Let's talk a little bit about the format. We're talking about 10 people on stage, a minute to speak, only a few seconds of rebuttal afterwards. There are three moderators. How's all that going to fit?

  • LISA DESJARDINS:

    You know, I have my questions about that myself.

    But I'll tell you, from looking at the early debate, the one that just finished a few minutes ago, they did actually seem to get in some substance to these questions, and, in fact, they didn't have to use much rebuttal time at all. But we will see, because I believe going off that first debate, the FOX News anchors did seem to want to encourage candidates to challenge each other or go after each other.

    If a candidate names another candidate on stage by name, Gwen, that other candidate who is being attacked will have time for rebuttal. We're not really sure how that is going to work. But I will say, given the early debate, a one-minute answer, these candidates got a lot in. They clearly prepared.

  • GWEN IFILL:

    Who got the better of that early debate, that seven folks who didn't make the polling cutoff for the big boys' debate?

  • LISA DESJARDINS:

    Yes. I think that Carly Fiorina had a strong moment in this debate when she was asked about Donald Trump and she went straight for him.

    As she said, Donald Trump, she pointed out, was close with the Clintons. She asked her other members on stage, did any of you ever get a call from Bill Clinton? She also pointed out some flips in position for Donald Trump. She seemed to be the most aggressive on stage. She had a big moment.

    And I think — but other than that, honestly, I heard a lot of stump speeches and things we have heard before from most of these candidates.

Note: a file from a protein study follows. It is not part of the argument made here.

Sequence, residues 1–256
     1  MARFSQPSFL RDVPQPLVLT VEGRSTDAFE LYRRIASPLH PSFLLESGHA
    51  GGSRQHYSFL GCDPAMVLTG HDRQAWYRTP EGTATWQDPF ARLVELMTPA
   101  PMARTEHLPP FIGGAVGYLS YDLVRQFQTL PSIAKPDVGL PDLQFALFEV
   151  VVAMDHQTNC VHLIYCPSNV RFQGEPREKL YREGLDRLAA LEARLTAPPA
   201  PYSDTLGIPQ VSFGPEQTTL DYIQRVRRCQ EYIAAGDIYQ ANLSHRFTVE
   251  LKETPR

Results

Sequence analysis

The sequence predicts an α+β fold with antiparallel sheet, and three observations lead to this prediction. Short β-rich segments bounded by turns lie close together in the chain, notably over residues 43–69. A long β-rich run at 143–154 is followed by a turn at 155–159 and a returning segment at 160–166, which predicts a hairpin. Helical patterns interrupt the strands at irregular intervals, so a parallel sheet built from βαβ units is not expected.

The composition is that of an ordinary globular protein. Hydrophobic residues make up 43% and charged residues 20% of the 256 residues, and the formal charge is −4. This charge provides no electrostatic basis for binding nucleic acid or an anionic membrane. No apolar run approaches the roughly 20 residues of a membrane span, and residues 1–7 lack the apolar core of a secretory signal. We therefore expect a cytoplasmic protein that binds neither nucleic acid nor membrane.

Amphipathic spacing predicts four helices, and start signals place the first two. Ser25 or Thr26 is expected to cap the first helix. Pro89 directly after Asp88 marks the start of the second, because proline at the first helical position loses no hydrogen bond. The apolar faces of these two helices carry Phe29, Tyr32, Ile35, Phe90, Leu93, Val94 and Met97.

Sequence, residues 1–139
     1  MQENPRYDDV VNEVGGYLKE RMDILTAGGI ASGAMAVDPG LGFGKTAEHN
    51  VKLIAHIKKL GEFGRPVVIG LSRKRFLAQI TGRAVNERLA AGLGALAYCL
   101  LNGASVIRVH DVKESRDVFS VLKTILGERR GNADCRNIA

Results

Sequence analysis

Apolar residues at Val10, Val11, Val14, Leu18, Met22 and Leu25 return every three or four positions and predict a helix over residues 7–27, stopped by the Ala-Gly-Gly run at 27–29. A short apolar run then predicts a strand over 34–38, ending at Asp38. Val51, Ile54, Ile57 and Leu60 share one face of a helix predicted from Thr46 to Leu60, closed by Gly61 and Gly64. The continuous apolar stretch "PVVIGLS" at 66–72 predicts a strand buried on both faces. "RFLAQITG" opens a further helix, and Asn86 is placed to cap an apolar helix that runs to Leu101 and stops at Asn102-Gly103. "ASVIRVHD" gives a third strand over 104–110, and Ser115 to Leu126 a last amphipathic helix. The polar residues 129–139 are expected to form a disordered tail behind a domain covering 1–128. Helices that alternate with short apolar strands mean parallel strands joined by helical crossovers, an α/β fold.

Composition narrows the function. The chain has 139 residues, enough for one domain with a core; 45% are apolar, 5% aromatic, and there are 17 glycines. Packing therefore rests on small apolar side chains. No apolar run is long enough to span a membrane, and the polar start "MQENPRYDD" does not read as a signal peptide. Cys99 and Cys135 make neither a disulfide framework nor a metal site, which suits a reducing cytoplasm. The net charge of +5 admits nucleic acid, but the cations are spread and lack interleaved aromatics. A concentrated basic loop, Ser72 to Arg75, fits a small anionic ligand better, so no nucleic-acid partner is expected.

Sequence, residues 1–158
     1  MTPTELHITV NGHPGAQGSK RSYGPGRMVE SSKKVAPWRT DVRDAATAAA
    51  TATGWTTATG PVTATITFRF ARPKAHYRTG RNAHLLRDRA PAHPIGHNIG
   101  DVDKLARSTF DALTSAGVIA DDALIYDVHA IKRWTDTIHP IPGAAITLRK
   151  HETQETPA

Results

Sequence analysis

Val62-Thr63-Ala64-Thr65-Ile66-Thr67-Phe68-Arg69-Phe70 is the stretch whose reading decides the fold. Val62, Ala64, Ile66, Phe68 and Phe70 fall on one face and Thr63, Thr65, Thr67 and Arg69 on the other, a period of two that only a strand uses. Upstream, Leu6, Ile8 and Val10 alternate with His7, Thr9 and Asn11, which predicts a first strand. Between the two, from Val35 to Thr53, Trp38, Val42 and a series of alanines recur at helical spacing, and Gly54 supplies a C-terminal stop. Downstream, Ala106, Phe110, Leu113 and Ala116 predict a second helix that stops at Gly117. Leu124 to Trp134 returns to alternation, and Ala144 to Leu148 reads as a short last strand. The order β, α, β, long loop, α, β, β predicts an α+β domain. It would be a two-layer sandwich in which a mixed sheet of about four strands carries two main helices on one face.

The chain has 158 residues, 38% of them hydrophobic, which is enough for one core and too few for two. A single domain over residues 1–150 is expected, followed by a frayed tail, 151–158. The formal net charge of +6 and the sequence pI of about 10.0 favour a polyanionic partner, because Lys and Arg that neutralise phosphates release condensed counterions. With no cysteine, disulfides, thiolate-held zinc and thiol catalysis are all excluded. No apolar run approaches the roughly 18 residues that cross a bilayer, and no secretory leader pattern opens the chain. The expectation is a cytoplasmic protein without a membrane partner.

• GWEN IFILL:

    OK. On a range of circus on the one end and sober on the other, what are the atmospherics there in Cleveland leading up to tonight's big face-off?

  • LISA DESJARDINS:

    We came into this debate — I did, at least — thinking, wow, what an amazing atmosphere this is going to be, 17 candidates. It never has happened before.

    But I will tell you, being in this arena, there is really not that sense of drama. Talking to candidates and talking to their campaigns, there is almost a sense of the unknown, a sense of sort of hesitancy about what's ahead and how to handle it, not a dramatic sense, but it's a questioning sense. And that, frankly, is surprising me.

    Also, Gwen, talking to Republican aides outside of the campaign, there's a concern about tonight's debate. They don't want it to become a circus. They had hoped this year would be a little bit more stress-free, be more organized than past years. And they're concerned that this could go off the rails with so many candidates and so many unpredictable candidates.

  • GWEN IFILL:

    Well, maybe if they bring in LeBron for a walk-through, that will bring a little excitement into the arena tonight.

    (LAUGHTER)

  • GWEN IFILL:

    Lisa Desjardins, thank you very much.

  • LISA DESJARDINS:

    My pleasure.